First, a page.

As data continues to proliferate exponentially, businesses of all kinds are finding it more and more worthwhile to analyze that data so they can better pinpoint market opportunities, deliver greater value to their customers and improve the efficiency of their operations.

But businesses need a lot of help gathering, integrating, analyzing and monetizing data on an increasingly massive scale. That’s why technology vendors offering big data solutions are raking in an estimated $30 billion worldwide. And that revenue is projected to grow 17 percent annually to reach $76 billion by 2020, said the authors of “The Big Data Market 2014–2020: Opportunities, Challenges, Strategies, Industry Verticals and Forecasts,” a new report from SNS Research.

The report asserts that the lion’s share of big data spending currently is going to hardware and professional services, but that over time, software vendors will capture a proportionally larger piece. It also predicts that the many innovative startups spawned by booming interest in big data will get gobbled up by large industry incumbents, which will likely assemble those “piece parts” into holistic packaged solutions.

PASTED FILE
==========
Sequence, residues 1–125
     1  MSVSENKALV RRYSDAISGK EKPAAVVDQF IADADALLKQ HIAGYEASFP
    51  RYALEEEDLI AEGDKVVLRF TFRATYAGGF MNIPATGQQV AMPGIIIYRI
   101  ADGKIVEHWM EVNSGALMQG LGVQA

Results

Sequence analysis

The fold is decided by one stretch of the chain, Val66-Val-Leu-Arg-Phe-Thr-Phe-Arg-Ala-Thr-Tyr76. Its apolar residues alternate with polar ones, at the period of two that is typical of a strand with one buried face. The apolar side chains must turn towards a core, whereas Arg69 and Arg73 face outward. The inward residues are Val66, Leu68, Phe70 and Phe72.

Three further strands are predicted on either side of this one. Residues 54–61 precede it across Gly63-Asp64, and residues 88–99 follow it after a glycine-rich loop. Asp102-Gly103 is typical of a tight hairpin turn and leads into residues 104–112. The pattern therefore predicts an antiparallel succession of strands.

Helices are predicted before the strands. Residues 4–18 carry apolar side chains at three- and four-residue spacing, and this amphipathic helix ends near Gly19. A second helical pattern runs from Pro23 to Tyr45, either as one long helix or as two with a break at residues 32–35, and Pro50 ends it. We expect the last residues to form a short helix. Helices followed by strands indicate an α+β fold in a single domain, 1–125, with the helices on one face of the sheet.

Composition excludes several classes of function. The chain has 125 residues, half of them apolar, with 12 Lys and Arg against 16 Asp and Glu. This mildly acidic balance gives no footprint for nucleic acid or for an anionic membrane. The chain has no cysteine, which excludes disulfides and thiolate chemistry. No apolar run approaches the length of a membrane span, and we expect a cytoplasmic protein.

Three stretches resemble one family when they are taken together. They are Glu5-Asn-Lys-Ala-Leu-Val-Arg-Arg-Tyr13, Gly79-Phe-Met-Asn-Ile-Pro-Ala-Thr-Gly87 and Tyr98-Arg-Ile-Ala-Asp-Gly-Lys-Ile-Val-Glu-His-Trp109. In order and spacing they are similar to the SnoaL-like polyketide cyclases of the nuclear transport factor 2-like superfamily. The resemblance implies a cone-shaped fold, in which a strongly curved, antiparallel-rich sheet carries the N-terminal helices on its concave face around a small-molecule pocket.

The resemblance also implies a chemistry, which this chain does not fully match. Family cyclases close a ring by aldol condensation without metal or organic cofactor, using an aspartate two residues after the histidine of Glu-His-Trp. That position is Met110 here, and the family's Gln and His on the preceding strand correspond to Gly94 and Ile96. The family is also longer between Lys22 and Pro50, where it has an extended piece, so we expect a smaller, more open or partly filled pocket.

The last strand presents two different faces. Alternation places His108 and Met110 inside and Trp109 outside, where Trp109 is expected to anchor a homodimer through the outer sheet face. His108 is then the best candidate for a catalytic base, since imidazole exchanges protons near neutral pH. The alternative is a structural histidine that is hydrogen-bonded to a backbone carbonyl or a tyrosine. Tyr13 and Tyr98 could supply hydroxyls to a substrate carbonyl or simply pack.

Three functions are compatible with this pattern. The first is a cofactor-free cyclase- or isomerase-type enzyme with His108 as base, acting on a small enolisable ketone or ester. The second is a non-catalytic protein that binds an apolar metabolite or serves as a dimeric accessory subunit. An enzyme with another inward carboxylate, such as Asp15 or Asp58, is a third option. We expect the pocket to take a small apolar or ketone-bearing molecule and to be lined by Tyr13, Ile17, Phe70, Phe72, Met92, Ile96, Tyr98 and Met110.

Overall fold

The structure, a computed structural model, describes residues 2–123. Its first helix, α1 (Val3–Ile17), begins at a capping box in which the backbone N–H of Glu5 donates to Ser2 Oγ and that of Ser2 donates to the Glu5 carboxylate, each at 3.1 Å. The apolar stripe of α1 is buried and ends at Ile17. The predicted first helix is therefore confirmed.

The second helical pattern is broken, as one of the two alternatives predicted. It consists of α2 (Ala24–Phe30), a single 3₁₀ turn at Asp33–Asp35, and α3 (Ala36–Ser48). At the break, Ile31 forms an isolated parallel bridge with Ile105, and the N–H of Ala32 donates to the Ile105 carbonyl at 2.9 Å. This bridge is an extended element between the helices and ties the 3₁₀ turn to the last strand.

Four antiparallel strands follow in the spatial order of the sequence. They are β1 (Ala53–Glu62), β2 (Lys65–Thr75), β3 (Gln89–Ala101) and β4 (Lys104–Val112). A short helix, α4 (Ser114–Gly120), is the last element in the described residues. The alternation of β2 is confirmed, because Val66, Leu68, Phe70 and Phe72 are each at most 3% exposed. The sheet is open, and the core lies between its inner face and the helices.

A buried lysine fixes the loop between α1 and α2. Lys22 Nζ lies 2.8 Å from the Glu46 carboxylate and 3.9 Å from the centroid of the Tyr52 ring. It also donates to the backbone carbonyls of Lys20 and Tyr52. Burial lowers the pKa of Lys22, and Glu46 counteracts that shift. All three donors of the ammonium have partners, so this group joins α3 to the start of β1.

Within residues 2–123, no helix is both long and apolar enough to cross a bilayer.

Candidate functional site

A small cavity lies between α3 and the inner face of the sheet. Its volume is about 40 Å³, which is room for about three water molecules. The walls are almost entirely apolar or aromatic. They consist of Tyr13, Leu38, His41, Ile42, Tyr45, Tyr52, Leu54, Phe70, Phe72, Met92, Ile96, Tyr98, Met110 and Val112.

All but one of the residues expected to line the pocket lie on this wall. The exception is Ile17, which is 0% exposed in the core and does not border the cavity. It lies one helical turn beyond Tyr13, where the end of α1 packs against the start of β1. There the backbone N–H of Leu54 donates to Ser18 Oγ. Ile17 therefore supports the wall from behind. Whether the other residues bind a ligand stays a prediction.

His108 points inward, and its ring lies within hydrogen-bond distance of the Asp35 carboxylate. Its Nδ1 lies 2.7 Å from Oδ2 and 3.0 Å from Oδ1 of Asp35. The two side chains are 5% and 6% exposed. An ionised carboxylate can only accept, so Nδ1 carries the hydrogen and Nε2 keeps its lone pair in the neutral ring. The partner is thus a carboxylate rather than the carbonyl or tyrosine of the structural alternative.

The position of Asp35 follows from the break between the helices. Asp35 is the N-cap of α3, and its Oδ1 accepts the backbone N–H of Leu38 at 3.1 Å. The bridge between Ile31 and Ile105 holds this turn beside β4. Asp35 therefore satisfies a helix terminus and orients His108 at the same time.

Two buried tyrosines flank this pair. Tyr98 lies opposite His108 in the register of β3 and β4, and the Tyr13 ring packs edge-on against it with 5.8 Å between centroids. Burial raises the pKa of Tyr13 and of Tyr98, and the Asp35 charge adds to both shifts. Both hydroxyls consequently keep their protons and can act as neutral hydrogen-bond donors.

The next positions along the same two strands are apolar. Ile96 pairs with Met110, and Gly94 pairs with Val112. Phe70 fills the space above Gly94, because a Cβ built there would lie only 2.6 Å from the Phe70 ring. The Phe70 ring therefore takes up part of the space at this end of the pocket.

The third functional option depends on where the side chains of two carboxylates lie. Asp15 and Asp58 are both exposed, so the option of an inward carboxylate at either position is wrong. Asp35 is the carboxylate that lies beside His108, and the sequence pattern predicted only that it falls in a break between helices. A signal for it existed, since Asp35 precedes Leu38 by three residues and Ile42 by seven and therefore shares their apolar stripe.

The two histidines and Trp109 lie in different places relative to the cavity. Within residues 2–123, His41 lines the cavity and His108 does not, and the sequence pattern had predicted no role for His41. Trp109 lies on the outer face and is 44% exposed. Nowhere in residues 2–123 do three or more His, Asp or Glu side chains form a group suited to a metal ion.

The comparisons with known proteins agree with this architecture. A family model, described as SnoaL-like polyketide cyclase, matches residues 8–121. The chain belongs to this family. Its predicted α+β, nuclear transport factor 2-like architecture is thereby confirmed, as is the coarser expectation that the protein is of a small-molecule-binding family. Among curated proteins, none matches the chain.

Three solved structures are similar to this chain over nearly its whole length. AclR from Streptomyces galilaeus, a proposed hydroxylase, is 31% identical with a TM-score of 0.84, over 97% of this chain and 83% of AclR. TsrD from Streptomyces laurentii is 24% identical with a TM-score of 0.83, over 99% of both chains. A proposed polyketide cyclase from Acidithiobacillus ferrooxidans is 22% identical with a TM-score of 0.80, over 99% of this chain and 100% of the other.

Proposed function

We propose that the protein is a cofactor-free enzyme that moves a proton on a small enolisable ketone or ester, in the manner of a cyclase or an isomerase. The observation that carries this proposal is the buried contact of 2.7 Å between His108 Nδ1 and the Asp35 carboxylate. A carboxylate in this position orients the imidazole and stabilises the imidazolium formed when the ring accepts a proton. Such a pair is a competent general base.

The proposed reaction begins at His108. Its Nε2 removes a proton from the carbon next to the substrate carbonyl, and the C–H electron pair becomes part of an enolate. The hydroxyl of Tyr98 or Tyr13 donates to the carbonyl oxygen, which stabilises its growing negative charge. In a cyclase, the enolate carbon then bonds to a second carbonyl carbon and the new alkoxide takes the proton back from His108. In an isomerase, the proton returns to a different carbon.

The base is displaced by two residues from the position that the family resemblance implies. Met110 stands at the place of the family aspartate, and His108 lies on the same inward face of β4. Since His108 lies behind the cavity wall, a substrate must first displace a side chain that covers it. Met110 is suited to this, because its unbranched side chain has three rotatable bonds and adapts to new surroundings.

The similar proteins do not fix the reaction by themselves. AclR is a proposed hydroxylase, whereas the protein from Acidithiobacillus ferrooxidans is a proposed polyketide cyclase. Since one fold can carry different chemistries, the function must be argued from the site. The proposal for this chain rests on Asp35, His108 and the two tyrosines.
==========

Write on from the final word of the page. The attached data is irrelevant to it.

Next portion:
The big data boom is also not without its resistance points. Privacy is a growing issue as people rightly become concerned about their personal information being used in inappropriate and invasive ways. Businesses are also facing a variety of internal obstacles to their adoption of big data technologies — including skepticism on the part of stakeholders about the ultimate value of such investments and the difficulty big data champions often have overcoming the territorial mind-set of LOB data owners.

Concerns about privacy and information security may attract the closer attention of regulators and place further constraints on big data implementations.

Despite these issues, it seems clear that big data will remain a compelling target for investment — and that it will therefor remain a lucrative market for technology vendors capable of providing solutions that transform the wealth of data generated by applications, mobile devices, sensors, social media and other sources into actionable insights. It is also clear that as the volume, variety and velocity of data available to business keep growing, new technologies will be required to capture, store, integrate, govern, analyze and visualize that data.

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